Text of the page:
Industry plants, Jersey club and hip house. The podcast The Almanac of Rap breaks hip-hop down to its fundamentals, from rising sub-genres to the trends and cultural moments shaping its future. Hosted by rapper, producer, DJ and comedian Donwill, each episode dives deep into important moments in rap (from past and present) to explore their impact. The Almanac of Rap is a fall down the hip-hop rabbit hole—an audio journey into the annotations of hip-hop’s B-sides, featuring guests like Wyatt Cenac and Will Miles.
We spoke with Donwill to get a closer look at his Webby-honored podcast and the creative process behind it. Find out how it all started, the inspiration he had on his mood board and get a peek into what drives his artistry.
What sparked the idea for The Almanac of Rap? What was the process of developing the early stages of the podcast?
The podcast is an adaptation of my now defunct Twitch stream. I used to play records and videos with my chat and just have these super silly but informative exchanges, and I wanted to develop that into a podcast. The idea was to make a show that presents the full spectrum of the culture in easy-to-digest chunks. I wanted to make a show that was topical and evergreen. Hip-hop culture moves so fast and the show’s purpose is to make sense of the present by contextualizing it against the past.
It’s a music discovery podcast but the trick is that it’s me discovering music as well as showing people what I’ve found.
What projects or creatives inspired The Almanac of Rap? Who or what did you have on your mood board?
Decoder Ring, How To with John Wilson, Make Art Not Content, What Had Happened Was, Answer In Progress, Black Is Black, CBS News Sunday Morning, zines, actual almanacs.
Also, just rap media in general. Everything feels so disposable and voices like mine seem to be getting drowned out by big media. So I wanted to create a space that reflected my interests within the culture.
How did you develop the theme song and overall sound design? Why did you decide on this approach?
I knew that I wanted a song that felt like an actual song. Not just a backbeat or something that simply repeated the title of the show. I felt like a rapped theme song would really give the listener a taste of what they could expect and used the lyrics to walk them through it a bit.
I also just really like making rap songs and saw this as an opportunity to showcase that as well.
What Happened to Hip House (Season 2, Episode 1)
What does the production process for The Almanac of Rap look like—from initial scripts to release?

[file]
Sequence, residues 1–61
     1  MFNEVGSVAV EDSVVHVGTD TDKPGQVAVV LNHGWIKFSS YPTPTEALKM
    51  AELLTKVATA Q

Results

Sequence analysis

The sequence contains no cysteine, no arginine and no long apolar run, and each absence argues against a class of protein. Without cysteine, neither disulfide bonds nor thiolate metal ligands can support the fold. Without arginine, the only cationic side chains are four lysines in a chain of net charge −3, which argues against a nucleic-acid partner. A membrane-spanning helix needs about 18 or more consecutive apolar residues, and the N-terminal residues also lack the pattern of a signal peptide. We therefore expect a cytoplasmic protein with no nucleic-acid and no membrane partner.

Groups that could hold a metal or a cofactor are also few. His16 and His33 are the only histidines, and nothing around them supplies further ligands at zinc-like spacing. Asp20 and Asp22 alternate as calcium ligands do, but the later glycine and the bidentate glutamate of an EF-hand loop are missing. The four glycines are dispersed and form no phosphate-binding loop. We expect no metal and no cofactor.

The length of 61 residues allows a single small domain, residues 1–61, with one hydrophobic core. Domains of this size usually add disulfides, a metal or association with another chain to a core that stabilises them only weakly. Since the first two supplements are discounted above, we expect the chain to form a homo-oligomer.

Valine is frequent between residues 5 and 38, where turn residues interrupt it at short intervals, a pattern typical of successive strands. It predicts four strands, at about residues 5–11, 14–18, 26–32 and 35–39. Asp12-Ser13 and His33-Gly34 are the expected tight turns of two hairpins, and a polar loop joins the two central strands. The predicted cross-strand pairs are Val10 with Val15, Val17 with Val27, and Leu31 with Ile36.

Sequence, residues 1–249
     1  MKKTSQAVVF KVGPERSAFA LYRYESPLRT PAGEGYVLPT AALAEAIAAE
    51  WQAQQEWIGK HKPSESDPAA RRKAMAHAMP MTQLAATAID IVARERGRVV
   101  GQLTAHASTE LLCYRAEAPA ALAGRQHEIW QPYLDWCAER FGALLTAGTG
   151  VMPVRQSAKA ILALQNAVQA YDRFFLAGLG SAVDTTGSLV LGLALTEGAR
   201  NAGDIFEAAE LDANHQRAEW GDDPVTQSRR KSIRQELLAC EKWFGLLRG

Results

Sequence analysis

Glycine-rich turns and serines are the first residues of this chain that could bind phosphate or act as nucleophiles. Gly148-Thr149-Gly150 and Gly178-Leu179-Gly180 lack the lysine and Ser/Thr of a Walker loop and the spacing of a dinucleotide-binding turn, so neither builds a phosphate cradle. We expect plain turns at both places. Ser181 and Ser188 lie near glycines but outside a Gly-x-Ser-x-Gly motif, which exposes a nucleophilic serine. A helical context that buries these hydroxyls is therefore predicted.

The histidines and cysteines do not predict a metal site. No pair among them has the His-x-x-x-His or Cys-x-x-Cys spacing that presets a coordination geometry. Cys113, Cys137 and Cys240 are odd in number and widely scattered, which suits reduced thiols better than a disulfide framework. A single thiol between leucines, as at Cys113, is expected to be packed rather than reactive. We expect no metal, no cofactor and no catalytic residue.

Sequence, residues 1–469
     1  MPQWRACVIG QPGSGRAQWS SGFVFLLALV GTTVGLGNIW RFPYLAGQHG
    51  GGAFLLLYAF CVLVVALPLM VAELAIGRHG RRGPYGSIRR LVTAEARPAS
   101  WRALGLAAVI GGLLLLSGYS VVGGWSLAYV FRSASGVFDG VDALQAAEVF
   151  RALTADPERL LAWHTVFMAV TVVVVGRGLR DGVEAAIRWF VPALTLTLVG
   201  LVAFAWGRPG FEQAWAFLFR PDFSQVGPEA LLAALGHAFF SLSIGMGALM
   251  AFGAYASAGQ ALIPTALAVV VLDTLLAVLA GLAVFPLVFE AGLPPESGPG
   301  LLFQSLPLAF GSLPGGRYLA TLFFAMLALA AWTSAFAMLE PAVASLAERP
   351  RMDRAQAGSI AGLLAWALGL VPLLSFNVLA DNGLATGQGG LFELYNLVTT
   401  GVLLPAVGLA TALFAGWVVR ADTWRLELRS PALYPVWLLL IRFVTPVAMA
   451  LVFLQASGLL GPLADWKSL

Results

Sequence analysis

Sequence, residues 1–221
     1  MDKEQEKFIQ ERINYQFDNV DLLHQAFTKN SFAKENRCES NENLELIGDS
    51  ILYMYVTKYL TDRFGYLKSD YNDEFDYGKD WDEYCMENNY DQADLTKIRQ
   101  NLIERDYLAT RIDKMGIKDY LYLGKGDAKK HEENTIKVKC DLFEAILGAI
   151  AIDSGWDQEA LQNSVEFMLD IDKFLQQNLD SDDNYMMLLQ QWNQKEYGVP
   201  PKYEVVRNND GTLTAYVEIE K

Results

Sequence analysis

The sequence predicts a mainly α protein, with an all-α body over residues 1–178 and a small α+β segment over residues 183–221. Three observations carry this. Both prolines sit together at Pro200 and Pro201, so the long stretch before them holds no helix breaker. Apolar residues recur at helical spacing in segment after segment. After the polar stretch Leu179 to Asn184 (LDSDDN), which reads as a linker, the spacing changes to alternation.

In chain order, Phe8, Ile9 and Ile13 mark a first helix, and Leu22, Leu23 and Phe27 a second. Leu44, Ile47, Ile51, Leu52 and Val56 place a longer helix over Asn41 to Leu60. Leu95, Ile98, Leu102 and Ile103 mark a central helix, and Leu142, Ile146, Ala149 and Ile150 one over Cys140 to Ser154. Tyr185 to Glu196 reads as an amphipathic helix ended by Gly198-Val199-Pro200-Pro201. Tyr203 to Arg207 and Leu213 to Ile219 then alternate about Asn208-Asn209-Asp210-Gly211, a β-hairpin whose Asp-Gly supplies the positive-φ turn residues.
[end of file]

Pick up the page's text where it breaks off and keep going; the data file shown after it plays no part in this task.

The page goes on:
If I’m being fully transparent it’s not as streamlined as I want it to be and since I am a one-stop shop. The bulk of the process is writing, research and editing, and each task bleeds over into the other.
I am a one-stop shop, so any part of the show you can imagine is something that I handle and as you can imagine, that doesn’t necessarily make for the easiest production schedule but at the end of the day, it always gets done.
What are some of the apps and tools instrumental in bringing the podcast to life?
Riverside, Descript, Captivate, Logic, Apple Notes and YouTube are my weapons of choice.
What audiences were you aiming to reach? What about your work do you believe resonated with your target audience?
I wanted to find other people like me who enjoy reading beyond the liner notes. I think that the main thing that resonated with people is the voice of a person who is still learning more about a genre of music that he’s still actively participating in. My excitement is infectious.
Could you share some fun facts or easter eggs about the podcast?
There is always a post-credit moment that relates to the episode. It’s a fun little feature that I think of as a sort of bonus track. I also switch up the show’s intro every week to reflect the topic at hand.
Politics as Usual (Season 1, Episode 7)
What fuels your imagination and creativity?
In a word, it’s just staying curious and deeply interested. Everything is usually connected in some way or another, and oftentimes, you don’t even have to dig deep to find out how. I am just usually the person looking to make that connection.
My imagination and creativity are always in conversation with each other and especially living in a world where information is so readily available. The answer to any question you have is a few keystrokes away, which makes intellect and imagination almost synonymous.
What advice would you give someone just starting in the podcast industry?
The biggest lesson that I’ve learned is that you’ve gotta just dive in. Planning is important but action is where you actually learn. It’s the mistakes you make that will inform the action moving forward.
What does winning a Webby Award mean to you?
I have always thought my ideas were great and the Webby is just confirmation that there are people who agree with me.
The Early Entry Deadline for the Webby Awards is Friday, October 27th.
Making the next great podcast? The 28th Annual Webby Awards features new categories for Best Indie Podcast, Comedy, History, Business, and Interview/Talk Show in Podcasts. To participate with early entry pricing, submit your work here.
Enter your best work across Websites and Mobile Sites, Video, Advertising, Media & PR, Apps & Software, Social, Podcasts, Games and Metaverse, Virtual & AI (*New this year!) by the Early Entry Deadline this Friday, October 27th!